On Monday, August 13th, 2013, a fire soon dubbed the Taylor Bridge Fire was started at approximately noon in Kittitas County, WA.
With tinder-dry conditions and thousands of acres of grass, foliage, trees, and houses, the fire quickly exploded, endangering the inhabitants of Cle Elum, Wash., and traveling toward Ellensburg.
As hours grew into days, the fire devoured everything in its path, growing with wind gusts even as firefighters attacked the blaze from the ground and from the air. Terrified onlookers watched as homes and propane tanks exploded into flames, their cars, trucks, and trailers packed with their most prized possessions: their nonhuman family members. When the flames finally subsided, the casualty count was high: damage was estimated at $8.3 million and climbing, with 51 houses or cabins listed as total losses, six houses or cabins with partial damage, and 26 additional properties with other structural losses. Barns, fences, and pastureland were lost in the blaze… and while no human deaths were attributed to the 23,500-acre blaze, countless animals lost either their lives or their homes.
No one will soon forget the wildfire that ravaged the land between Cle Elum and Ellensburg. Hundreds were evacuated from the surrounding area and thousands waited to see if the firefighters from across the state could vanquish this foe. But out of the ashes of this tragedy arose the goodness and kindness of the small communities of Cle Elum and Ellensburg who were galvanized to help one another, human and nonhuman alike.
Pot bellied pigs, victims of the fire…
One of the destroyed properties was a farm where many pigs resided. While it is unknown at this time how many pigs were at the property and how many pigs succumbed to the fire, we do know that several were unable to be saved. When the flames, fueled by driving winds, had swept over hillsides and onto local farms and ranches, many families desperately tried to save their animals. Some of them cut fences or turned their animals loose. While local families couldn’t evacuate all of their animals, at least they had the chance to run for their lives. And given this chance to live, run they did – away from the flames and into the arms of tireless, selfless Good Samaritans.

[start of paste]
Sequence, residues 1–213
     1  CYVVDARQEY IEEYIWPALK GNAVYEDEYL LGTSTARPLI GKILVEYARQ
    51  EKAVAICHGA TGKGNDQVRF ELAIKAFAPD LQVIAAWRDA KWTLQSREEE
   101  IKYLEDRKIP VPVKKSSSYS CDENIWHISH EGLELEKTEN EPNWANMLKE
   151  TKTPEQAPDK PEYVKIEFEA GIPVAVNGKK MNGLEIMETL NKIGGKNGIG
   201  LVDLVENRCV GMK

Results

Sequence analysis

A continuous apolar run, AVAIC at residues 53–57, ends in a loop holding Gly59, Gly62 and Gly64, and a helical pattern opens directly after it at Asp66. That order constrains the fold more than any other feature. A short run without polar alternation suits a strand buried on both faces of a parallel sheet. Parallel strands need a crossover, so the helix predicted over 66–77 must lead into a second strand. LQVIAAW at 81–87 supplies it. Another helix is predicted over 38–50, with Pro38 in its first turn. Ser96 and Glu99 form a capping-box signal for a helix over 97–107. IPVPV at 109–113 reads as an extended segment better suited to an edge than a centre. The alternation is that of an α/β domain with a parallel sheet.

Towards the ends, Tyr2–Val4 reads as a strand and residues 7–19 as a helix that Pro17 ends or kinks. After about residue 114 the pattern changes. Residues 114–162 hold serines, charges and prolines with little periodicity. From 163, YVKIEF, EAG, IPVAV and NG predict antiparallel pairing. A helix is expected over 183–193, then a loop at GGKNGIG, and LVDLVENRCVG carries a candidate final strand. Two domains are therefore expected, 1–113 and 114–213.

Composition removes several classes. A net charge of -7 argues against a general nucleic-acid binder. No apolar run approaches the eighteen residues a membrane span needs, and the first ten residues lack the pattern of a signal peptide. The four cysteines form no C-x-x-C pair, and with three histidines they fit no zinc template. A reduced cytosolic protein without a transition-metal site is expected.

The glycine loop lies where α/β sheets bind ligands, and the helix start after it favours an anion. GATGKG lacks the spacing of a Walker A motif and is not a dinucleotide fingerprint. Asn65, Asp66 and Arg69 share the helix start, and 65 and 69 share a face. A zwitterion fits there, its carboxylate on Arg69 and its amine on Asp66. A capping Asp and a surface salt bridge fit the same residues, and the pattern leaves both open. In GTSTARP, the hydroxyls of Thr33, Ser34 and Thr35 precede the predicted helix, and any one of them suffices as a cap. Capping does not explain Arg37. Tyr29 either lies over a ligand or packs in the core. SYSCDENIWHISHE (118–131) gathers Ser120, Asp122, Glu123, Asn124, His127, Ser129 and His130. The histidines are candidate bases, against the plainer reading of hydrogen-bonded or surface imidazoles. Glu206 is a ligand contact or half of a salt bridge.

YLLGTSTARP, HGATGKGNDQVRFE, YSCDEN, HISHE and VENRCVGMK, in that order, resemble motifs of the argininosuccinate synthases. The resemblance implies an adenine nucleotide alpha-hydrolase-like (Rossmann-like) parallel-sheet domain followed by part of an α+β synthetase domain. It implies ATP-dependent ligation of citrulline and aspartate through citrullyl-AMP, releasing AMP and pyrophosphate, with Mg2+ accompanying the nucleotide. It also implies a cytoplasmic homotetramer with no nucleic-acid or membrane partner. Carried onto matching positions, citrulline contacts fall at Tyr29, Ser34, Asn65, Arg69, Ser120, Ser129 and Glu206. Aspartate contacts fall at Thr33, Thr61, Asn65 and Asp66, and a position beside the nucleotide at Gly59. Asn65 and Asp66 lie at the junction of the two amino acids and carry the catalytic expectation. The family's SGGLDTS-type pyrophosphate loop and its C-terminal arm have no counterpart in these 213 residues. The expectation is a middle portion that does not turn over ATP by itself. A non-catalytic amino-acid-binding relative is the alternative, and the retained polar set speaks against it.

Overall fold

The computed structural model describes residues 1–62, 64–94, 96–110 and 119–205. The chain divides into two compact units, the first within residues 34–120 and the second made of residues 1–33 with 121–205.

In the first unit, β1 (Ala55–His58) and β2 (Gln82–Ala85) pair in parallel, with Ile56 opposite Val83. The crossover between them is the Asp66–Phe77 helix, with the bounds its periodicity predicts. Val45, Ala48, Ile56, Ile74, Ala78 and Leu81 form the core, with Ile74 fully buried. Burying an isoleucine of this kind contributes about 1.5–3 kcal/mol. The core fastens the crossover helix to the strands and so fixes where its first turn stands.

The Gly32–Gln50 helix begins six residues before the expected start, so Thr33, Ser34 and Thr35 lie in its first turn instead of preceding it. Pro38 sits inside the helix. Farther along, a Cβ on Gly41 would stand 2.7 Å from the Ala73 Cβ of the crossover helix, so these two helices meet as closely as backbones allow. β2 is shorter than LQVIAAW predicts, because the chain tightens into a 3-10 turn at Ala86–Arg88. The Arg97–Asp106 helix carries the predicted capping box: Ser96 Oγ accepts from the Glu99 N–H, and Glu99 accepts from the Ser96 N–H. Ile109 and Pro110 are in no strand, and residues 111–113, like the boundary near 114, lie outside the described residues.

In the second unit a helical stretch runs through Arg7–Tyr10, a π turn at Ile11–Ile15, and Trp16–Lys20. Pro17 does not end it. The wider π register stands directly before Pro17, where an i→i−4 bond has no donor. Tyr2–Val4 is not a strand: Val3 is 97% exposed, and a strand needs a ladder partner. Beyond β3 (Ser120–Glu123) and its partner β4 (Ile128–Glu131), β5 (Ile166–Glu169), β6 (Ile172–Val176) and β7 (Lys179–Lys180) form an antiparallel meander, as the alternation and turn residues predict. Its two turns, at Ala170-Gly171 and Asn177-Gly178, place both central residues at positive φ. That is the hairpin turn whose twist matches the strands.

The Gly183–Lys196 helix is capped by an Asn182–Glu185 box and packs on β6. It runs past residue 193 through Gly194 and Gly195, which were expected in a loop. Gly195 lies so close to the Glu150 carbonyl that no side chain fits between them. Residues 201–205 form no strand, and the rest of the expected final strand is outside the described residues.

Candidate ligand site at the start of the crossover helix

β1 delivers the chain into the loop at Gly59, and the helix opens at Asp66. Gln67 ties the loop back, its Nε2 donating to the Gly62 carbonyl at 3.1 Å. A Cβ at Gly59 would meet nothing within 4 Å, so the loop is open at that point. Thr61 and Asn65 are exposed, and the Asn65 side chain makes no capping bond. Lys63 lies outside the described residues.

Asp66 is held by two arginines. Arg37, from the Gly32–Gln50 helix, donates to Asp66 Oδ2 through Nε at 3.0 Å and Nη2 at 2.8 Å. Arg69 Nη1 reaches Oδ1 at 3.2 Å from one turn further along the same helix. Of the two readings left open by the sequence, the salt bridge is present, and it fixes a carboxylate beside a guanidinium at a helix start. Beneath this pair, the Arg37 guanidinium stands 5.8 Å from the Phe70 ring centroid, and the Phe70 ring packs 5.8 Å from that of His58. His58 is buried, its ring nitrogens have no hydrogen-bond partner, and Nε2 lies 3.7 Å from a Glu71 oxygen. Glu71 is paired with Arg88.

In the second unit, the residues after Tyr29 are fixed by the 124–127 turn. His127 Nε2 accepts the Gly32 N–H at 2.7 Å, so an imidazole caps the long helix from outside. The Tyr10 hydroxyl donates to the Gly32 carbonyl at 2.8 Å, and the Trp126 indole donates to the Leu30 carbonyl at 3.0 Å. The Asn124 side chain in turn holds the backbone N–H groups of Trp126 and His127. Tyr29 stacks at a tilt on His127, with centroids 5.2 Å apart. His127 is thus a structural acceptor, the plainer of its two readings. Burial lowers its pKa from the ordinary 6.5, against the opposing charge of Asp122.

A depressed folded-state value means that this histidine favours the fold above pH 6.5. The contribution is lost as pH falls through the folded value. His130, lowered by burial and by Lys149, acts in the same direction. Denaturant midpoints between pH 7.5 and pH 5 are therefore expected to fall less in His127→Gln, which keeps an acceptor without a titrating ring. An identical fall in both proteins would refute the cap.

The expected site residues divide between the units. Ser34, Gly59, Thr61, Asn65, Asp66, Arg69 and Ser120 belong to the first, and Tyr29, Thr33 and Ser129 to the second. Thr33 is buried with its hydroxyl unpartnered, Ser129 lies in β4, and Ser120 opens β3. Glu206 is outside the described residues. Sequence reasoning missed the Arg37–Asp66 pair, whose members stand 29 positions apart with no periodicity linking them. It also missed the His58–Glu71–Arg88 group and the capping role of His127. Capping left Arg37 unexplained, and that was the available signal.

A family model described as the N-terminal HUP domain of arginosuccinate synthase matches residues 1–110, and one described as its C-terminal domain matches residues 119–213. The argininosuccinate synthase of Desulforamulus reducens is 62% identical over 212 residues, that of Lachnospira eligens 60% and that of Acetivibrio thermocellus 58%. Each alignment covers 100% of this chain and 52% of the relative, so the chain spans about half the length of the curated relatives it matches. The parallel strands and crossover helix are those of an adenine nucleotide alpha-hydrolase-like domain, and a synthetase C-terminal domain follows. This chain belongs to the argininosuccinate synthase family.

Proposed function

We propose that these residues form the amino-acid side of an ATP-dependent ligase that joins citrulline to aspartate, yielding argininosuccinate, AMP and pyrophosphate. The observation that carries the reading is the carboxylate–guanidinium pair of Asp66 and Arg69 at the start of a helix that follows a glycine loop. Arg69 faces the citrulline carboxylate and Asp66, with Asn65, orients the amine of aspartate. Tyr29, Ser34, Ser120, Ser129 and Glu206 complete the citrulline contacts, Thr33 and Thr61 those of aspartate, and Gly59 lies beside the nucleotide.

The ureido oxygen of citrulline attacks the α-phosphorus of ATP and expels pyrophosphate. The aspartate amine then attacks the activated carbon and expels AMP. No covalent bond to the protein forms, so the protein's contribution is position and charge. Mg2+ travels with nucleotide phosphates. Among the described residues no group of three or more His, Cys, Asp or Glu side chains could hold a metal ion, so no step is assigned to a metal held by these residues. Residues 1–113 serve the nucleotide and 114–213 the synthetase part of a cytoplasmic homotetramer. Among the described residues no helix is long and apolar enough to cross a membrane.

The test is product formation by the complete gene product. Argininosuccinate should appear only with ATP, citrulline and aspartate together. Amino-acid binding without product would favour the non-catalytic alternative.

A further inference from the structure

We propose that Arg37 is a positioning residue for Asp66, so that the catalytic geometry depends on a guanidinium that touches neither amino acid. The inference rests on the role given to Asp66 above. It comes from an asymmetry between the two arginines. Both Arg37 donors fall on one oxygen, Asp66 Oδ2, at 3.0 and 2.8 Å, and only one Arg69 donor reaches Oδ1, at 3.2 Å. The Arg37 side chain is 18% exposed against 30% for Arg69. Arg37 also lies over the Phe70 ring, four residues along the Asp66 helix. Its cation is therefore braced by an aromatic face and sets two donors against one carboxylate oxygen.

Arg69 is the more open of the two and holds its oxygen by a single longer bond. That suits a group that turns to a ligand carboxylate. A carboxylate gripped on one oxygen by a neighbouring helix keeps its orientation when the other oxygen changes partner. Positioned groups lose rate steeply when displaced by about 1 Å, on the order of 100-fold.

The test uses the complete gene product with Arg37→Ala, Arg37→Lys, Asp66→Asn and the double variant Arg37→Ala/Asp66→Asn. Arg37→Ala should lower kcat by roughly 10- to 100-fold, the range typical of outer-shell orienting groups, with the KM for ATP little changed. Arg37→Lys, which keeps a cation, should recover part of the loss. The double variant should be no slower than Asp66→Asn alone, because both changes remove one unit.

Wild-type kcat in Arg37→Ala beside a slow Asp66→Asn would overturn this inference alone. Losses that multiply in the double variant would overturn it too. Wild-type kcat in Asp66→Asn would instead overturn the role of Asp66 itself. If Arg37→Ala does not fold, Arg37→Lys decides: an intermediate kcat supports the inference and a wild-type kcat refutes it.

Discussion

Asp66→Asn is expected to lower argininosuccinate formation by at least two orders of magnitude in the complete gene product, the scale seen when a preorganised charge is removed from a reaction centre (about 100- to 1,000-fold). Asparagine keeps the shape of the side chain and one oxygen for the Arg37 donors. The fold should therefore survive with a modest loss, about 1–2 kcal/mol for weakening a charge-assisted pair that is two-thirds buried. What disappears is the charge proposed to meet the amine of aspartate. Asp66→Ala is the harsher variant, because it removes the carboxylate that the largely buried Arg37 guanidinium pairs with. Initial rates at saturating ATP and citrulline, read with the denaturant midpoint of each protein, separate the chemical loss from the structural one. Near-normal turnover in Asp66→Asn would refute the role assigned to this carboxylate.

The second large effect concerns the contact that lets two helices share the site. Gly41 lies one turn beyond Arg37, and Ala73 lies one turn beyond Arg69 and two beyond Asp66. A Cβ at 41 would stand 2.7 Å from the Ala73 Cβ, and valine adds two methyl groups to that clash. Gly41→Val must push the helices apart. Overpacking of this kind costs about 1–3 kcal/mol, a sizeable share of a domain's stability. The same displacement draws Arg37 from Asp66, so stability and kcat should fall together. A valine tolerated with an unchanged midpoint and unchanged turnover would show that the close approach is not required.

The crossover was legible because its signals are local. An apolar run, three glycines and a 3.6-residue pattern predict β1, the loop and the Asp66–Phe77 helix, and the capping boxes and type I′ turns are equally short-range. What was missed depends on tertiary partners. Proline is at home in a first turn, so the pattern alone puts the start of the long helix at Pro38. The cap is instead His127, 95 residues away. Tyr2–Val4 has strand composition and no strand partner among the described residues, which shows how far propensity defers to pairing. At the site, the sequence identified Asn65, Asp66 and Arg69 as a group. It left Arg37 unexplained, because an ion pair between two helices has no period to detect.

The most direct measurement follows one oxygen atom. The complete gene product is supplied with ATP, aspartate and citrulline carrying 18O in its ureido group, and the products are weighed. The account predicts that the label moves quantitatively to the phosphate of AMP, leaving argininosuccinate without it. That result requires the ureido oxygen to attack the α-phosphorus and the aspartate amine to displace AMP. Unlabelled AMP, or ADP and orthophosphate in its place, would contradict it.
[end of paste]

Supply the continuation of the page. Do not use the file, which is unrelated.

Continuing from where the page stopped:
Emergency animal shelter operations were set up at the Kittitas County Fairgrounds, where loose, hurt, or evacuated animals were brought in to a barn where they could receive care and veterinary attention, if needed. These animals may have lost their homes, but this emergency facility ensured that they didn’t lose hope. For these frightened pigs, finding such a safe haven amidst the charred remains of their home truly must have been a blessing.
A special veterinarian stepped up to help the displaced pigs
Some of the rescued pigs from the destroyed farm were not socialized and all of them were unaltered. Some of the sows came in with new litters, and at least one of the sows farrowed at the fairgrounds. Local veterinarian Erin Zamzow, DVM, was volunteering at the fairgrounds to help victims of the fire. Dr. Zamzow became involved with this case when she heard about the pigs’ precarious situation. She knew that she had to help – and she’s glad that she did.